Augmented reality is used to enhance (or augment) a real-world environment by placing computer-generated content within it. This may allow an architect to visualise changes to a building, a designer to choose between multiple interior designs of a home, or providing detailed information about an exhibit at a museum. For a detailed description of the technology please see the FAQ.
The resulting experience may also depend on the technology available. Traditionally AR systems used markers to generate content; a participant pointing their phone/tablet at a designated marker would trigger the relevant media. Some systems use image processing techniques to place objects on flat surfaces for example. Once again for a full description of the technology please see the FAQ.
Whatever your requirements we can help you decide on the most appropriate technology and design and build your whole experience for you, or give you a helping hand with the experience that you already have.
Case Study - Augmented Reality in the Classroom "3D Pitoti"
"Pitoti" are rock art in the Lombardy region of northern Italy. They are on the UNESCO list of world heritage and span a period between 4000 BC and medieval times. One of the briefs of the project was to make these historical images accessible to school children. We did this by turning images of the drawings into an interactive augmented storytelling application.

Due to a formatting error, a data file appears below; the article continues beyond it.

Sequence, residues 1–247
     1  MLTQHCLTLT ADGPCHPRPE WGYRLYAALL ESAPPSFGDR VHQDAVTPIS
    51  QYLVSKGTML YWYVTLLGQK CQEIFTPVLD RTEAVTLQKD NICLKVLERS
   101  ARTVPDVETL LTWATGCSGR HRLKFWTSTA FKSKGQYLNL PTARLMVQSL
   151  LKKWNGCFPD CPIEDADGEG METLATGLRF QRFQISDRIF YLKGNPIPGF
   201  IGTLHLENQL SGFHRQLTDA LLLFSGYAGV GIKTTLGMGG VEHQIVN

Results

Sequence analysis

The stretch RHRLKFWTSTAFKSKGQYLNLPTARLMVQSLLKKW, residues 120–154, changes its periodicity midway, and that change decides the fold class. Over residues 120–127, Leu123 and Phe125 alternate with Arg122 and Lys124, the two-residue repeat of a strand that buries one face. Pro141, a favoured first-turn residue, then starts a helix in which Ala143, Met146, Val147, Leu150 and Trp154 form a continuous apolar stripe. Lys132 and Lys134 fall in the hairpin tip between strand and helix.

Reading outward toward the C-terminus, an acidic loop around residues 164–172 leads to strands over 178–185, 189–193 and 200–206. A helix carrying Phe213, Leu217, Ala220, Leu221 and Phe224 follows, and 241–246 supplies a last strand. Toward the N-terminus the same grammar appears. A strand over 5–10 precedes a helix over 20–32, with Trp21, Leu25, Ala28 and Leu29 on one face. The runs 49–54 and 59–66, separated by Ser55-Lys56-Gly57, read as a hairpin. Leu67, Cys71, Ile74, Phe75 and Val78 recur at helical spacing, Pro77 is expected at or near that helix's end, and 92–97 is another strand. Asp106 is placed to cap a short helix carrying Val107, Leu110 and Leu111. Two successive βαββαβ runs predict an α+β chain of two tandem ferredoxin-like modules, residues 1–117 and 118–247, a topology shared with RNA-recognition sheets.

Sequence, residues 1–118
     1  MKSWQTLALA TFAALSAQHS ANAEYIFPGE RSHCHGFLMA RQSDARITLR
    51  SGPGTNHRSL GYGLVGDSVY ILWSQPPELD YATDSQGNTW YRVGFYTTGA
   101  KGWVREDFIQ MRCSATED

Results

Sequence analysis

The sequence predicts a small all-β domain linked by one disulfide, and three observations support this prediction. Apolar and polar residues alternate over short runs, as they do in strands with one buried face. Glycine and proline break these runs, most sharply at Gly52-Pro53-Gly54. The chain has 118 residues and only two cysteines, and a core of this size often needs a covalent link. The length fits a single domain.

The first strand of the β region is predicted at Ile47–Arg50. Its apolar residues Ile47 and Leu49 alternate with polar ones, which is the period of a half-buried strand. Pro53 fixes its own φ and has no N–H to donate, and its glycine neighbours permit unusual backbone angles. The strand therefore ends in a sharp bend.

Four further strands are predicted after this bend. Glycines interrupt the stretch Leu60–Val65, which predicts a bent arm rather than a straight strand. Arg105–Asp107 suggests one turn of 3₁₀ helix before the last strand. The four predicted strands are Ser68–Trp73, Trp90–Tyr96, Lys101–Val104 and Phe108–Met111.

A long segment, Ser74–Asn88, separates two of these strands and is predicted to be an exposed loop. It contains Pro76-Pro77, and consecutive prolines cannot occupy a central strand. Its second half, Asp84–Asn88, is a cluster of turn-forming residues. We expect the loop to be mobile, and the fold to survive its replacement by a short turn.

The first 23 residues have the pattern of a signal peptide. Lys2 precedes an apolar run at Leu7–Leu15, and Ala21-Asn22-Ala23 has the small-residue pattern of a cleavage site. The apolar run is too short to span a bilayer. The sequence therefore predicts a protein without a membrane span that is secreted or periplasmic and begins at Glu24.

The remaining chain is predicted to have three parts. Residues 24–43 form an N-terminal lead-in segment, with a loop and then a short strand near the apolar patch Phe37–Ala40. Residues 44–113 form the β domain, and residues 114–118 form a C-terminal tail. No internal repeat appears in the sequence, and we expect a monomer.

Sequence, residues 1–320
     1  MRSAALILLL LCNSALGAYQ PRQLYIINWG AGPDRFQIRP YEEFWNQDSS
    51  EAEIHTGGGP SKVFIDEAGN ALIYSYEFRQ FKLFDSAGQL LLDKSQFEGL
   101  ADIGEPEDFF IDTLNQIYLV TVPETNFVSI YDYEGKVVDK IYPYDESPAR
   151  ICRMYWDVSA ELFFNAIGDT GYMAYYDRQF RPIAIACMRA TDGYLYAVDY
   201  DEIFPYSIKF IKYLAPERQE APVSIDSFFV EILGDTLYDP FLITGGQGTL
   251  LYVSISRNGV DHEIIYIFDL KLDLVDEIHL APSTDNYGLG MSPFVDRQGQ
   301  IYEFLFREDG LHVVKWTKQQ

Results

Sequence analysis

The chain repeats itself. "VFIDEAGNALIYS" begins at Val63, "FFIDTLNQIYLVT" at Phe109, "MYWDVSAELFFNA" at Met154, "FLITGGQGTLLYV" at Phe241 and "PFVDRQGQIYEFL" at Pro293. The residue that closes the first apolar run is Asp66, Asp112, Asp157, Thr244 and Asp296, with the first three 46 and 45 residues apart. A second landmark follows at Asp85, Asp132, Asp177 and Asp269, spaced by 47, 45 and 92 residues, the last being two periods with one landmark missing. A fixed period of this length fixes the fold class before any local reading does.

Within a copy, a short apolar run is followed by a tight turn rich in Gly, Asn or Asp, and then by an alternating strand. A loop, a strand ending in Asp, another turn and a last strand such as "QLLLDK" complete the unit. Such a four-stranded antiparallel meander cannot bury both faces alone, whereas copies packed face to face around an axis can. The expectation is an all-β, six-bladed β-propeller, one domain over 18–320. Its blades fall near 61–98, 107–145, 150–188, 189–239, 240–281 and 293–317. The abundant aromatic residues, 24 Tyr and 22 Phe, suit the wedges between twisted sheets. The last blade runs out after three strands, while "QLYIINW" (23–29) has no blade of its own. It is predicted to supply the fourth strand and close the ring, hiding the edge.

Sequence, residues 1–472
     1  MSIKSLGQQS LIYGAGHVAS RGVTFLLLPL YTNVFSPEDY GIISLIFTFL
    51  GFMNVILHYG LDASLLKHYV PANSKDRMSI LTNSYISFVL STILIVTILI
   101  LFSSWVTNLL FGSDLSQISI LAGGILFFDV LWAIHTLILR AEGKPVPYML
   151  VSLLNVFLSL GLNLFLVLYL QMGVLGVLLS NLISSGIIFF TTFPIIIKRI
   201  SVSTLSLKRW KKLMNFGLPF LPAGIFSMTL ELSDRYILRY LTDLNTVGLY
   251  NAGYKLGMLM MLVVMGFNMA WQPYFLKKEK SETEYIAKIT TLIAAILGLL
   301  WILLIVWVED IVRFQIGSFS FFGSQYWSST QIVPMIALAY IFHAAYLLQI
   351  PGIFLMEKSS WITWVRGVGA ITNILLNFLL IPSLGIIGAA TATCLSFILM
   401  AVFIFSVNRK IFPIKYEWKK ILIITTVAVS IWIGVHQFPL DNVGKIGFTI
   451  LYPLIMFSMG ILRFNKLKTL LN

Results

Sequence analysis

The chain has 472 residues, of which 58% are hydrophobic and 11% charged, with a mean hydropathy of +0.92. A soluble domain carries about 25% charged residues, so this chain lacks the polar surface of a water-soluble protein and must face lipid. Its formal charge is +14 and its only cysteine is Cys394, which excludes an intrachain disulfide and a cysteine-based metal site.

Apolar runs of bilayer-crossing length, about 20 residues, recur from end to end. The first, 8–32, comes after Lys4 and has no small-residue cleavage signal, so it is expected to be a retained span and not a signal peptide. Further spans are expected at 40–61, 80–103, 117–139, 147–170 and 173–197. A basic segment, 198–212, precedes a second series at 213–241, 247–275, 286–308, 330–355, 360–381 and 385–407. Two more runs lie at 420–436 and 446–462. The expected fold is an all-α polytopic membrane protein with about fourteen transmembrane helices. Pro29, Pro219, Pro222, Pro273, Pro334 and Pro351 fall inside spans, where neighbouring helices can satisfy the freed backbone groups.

A selection of the cave art was situated around the classroom, accompanied by a unique marker. Children could use a tablet to scan many images that they thought interesting and these would be placed in a collection within the app. Each image had an associated video animation and these could then be placed on a timeline within the application to create a story and bring the artwork to life.
As there were numerous images and therefore combinations, the children could create many stories and save these to form a video collection throughout the school. We worked with artists to create the animations from the artwork and bring a sense of the history of these artefacts to the school without having to visit the site.
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